Mussolini remained in power until he was deposed by King Victor Emmanuel III in 1943 following a vote of no confidence by the Grand Council of Fascism and replaced by General Pietro Badoglio. A few months later, Italy was invaded by Nazi Germany and Mussolini was reinstated as head of a puppet State called Italian Social Republic, while the authorities of the Kingdom were forced to relocate in Southern Italy, which was under the control of the Allied Forces.

In 1944 Badoglio resigned and Ivanoe Bonomi was appointed to the post of Prime Minister, restoring the old title of "President of the Council of Ministers. Bonomi was briefly succeeded by Ferruccio Parri in 1945 and then by Alcide de Gasperi, leader of the newly formed Christian Democracy (Democrazia Cristiana, DC) political party.

First decades of the Italian Republic[edit]

Following the 1946 Italian institutional referendum, the monarchy was abolished and De Gasperi became the first Prime Minister of the Italian Republic. The First Republic was dominated by the Christian Democracy which was the senior party in each government coalitions from 1946 to 1994 while the opposition was led by the Italian Communist Party (PCI), the largest one in Western Europe.

Alcide De Gasperi, first prime minister of the Italian Republic

In the first years of the Republic, the governments were led by De Gasperi, who is also considered a founding father of the European Union.

After the death of De Gasperi, Italy returned in a period of political instability and a lot of cabinets were formed in few decades. The second part of the 20th century was dominated by De Gasperi's protégé Giulio Andreotti, who was appointed Prime Minister seven times from 1972 to 1992.

From the late 1960s until the early 1980s, the country experienced the Years of Lead, a period characterised by economic crisis (especially after the 1973 oil crisis), widespread social conflicts and terrorist massacres carried out by opposing extremist groups, with the alleged involvement of United States and Soviet intelligence.[13][14][15] The Years of Lead culminated in the assassination of the Christian Democrat leader Aldo Moro in 1978 and the Bologna railway station massacre in 1980, where 85 people died.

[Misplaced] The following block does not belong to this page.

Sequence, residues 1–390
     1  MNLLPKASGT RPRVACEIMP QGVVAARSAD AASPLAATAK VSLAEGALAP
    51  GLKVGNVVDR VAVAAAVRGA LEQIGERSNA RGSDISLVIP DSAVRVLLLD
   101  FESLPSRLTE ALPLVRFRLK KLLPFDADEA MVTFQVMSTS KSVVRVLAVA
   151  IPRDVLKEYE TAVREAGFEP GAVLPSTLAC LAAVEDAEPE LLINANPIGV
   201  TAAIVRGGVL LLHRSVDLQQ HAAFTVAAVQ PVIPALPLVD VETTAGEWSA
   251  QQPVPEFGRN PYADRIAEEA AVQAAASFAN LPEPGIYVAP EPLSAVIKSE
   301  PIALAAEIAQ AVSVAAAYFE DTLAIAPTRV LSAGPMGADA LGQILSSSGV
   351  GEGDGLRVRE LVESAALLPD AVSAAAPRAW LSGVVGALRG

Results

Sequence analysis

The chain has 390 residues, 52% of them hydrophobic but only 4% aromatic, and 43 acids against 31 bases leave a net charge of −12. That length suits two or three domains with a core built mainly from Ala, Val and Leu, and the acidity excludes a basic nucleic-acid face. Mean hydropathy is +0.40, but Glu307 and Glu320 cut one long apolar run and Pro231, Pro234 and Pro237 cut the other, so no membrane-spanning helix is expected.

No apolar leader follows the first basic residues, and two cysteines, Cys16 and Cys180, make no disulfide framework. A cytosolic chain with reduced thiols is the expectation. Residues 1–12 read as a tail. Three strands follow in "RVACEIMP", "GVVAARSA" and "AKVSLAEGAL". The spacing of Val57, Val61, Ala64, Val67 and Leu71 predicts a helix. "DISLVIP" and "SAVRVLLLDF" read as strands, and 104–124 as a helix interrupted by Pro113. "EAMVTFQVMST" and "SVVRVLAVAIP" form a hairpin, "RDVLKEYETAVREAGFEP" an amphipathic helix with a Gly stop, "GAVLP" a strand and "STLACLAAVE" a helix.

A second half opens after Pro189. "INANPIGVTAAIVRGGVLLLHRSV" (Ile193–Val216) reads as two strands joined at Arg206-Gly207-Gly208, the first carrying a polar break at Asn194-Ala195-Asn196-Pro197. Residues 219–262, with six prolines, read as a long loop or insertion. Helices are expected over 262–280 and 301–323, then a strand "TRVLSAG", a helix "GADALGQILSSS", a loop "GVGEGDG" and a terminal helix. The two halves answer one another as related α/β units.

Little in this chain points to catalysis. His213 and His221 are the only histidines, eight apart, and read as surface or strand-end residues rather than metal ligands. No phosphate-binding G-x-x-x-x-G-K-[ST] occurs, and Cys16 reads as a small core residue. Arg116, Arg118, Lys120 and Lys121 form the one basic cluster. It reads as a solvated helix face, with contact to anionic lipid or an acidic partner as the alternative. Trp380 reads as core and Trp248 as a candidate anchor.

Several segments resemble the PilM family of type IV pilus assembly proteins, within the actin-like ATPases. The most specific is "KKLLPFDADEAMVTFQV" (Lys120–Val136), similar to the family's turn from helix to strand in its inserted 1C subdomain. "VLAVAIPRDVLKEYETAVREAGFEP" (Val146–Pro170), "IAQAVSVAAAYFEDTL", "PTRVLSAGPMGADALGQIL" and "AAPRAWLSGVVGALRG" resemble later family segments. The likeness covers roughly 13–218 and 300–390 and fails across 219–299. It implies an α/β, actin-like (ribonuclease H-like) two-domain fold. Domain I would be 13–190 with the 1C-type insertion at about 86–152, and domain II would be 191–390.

In the 1980s, for the first time since 1945 two governments were led by non-Christian Democrat prime ministers: one Republican (Giovanni Spadolini) and one Socialist (Bettino Craxi). However, the Christian Democrats remained the main government party. During Craxi's government, the economy recovered and Italy became the world's fifth-largest industrial nation, gaining entry into the Group of Seven, but as a result of his spending policies, the Italian national debt skyrocketed during the Craxi era, soon passing 100% of the GDP.

In the early 1990s, Italy faced significant challenges as voters—disenchanted with political paralysis, massive public debt and the extensive corruption system (known as Tangentopoli) uncovered by the "Clean Hands" (mani pulite) investigation—demanded radical reforms. The scandals involved all major parties, but especially those in the government coalition: the Christian Democrats, who ruled for almost 50 years, underwent a severe crisis and eventually disbanded, splitting up into several factions. Moreover, the Communist Party was reorganised as a social-democratic force, the Democratic Party of the Left.